Alphas, betas and skewy distributions: two ways of getting the wrong answer.
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Although many parametric statistical tests are considered to be robust, as recently shown in Methodologist's Corner, it still pays to be circumspect about the assumptions underlying statistical tests.In this paper I show that robustness mainly refers to α, the type-I error.If the underlying distribution of data is ignored there can be a major penalty in terms of the β, the type-II error, representing a large increase in false negative rate or, equivalently, a severe loss of power of the test.
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Affiliation: Institute of Applied Health Sciences, School of Medicine and Dentistry, University of Aberdeen, Aberdeen, UK. p.fayers@abdn.ac.uk
ABSTRACT
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Although many parametric statistical tests are considered to be robust, as recently shown in Methodologist's Corner, it still pays to be circumspect about the assumptions underlying statistical tests. In this paper I show that robustness mainly refers to α, the type-I error. If the underlying distribution of data is ignored there can be a major penalty in terms of the β, the type-II error, representing a large increase in false negative rate or, equivalently, a severe loss of power of the test. |
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Mentions: Computer-generated random numbers were used to produce data that followed a log-normal distribution. Technically, this was accomplished by first generating random observations from a normal distribution with mean 0 and standard deviation 1, and then using an exponential transformation. A constant was added to the first 50% of these observations, creating a group of observations with an increased mean value. This increase was measured in terms of effect sizes, where the effect size is the mean difference expressed as a multiple of the standard deviation. For example, to simulate a study with a sample size of 100 observations per group, 200 log-normal data items were generated and the first 100 increased. Thus, for example, to produce an effect size of 0.5 which is generally regarded as an effect of moderate magnitude, a value of 0.5 would be added to the normal values because the standard deviation had been set at 1.0. A t test was then applied. A Wilcoxon two-sample signed-rank test was also used, and in addition a logarithmic transformation was applied before a second t test. This was repeated some 30,000 times, to obtain a reasonably precise estimate of the proportion of times that such an effect size, in a study of this magnitude, would result in a difference being found significant (p < 0.05). The whole exercise was repeated over and again, for varying numbers of observations in the two comparison groups, and with varying effect sizes The effect sizes considered ranged from 0 (no difference in mean values), through 0.2, 0.5, 0.8 and 1.0, but results are only displayed for an effect size of 0.5 (Fig. 2) and zero (Fig. 3). Thus Fig. 2 shows the power to detect an effect size of 0.5, for varying sample sizes. It should be noted that when the effect size is zero (Fig. 3), there is no difference between the two simulated groups and so the proportion of p values deemed “significant” will represent false positives––that is, in a robust and reliable significance test, on average 5% of results ought to be declared “significant, p < 0.05”.Fig. 2 |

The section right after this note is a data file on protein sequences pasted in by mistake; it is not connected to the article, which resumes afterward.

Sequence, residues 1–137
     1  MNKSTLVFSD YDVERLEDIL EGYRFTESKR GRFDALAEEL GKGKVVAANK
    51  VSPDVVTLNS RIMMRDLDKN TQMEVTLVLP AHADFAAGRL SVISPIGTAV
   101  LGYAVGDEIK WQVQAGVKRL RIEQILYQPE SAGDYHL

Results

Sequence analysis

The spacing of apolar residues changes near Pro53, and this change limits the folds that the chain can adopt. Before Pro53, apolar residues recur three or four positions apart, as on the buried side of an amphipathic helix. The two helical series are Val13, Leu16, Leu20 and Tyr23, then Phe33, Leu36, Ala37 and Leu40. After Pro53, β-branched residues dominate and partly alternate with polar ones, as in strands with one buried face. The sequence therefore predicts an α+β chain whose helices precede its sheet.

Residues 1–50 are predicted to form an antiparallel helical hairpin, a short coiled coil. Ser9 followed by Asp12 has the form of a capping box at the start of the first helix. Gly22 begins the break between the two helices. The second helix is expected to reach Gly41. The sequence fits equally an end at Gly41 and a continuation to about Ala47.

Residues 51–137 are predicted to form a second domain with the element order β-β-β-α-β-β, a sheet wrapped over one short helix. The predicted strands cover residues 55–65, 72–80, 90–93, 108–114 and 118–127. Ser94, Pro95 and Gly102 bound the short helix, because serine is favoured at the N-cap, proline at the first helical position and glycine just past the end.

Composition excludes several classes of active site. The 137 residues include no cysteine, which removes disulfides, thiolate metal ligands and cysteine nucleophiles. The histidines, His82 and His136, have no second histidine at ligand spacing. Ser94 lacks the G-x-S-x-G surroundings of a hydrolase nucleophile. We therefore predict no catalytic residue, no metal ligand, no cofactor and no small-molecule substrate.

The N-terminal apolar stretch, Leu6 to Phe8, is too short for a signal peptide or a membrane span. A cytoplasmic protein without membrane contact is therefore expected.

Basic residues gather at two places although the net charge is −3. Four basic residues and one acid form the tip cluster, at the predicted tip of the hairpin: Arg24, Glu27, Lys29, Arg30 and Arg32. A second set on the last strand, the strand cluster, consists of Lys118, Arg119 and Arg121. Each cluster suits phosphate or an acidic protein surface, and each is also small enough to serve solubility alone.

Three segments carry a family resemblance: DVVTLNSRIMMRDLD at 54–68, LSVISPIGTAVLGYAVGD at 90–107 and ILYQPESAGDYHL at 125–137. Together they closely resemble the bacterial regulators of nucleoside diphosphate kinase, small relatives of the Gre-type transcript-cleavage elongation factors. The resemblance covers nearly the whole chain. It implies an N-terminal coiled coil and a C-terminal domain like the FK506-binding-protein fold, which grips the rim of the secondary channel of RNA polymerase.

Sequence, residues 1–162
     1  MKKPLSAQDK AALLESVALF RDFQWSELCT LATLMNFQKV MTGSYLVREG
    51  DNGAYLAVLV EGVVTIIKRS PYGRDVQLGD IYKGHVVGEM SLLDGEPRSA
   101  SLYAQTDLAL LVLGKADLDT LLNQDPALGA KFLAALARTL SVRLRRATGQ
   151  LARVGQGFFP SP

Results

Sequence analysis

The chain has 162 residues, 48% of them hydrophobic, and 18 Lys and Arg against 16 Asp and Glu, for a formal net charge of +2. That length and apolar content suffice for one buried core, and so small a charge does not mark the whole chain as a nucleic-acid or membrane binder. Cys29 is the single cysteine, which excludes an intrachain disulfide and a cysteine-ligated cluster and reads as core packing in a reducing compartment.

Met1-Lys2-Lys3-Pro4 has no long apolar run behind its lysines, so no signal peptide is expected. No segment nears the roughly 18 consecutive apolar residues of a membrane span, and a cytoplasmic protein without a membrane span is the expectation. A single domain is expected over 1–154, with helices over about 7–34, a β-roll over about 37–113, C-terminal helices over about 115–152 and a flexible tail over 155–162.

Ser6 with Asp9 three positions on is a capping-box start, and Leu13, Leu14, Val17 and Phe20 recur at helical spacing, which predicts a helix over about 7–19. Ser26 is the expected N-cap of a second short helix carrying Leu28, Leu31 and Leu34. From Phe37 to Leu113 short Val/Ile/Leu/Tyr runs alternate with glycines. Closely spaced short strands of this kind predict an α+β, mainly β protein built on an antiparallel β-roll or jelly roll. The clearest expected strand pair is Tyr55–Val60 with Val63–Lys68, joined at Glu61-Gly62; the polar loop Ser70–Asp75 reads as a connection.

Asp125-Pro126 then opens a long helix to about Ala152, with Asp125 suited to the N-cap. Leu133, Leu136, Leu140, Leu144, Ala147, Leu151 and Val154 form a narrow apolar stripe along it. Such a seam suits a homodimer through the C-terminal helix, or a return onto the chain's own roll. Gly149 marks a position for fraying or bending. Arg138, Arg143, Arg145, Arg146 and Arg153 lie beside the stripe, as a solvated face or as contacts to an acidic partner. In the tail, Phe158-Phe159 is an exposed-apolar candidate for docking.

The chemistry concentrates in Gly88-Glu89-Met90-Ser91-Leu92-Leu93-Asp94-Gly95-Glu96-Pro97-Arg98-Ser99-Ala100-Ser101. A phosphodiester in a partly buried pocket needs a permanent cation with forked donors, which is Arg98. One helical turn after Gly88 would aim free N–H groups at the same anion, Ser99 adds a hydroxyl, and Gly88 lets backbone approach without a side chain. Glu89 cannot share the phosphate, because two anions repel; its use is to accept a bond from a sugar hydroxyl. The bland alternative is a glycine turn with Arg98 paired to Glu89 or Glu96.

View Article: PubMed Central - PubMed
Affiliation: Institute of Applied Health Sciences, School of Medicine and Dentistry, University of Aberdeen, Aberdeen, UK. p.fayers@abdn.ac.uk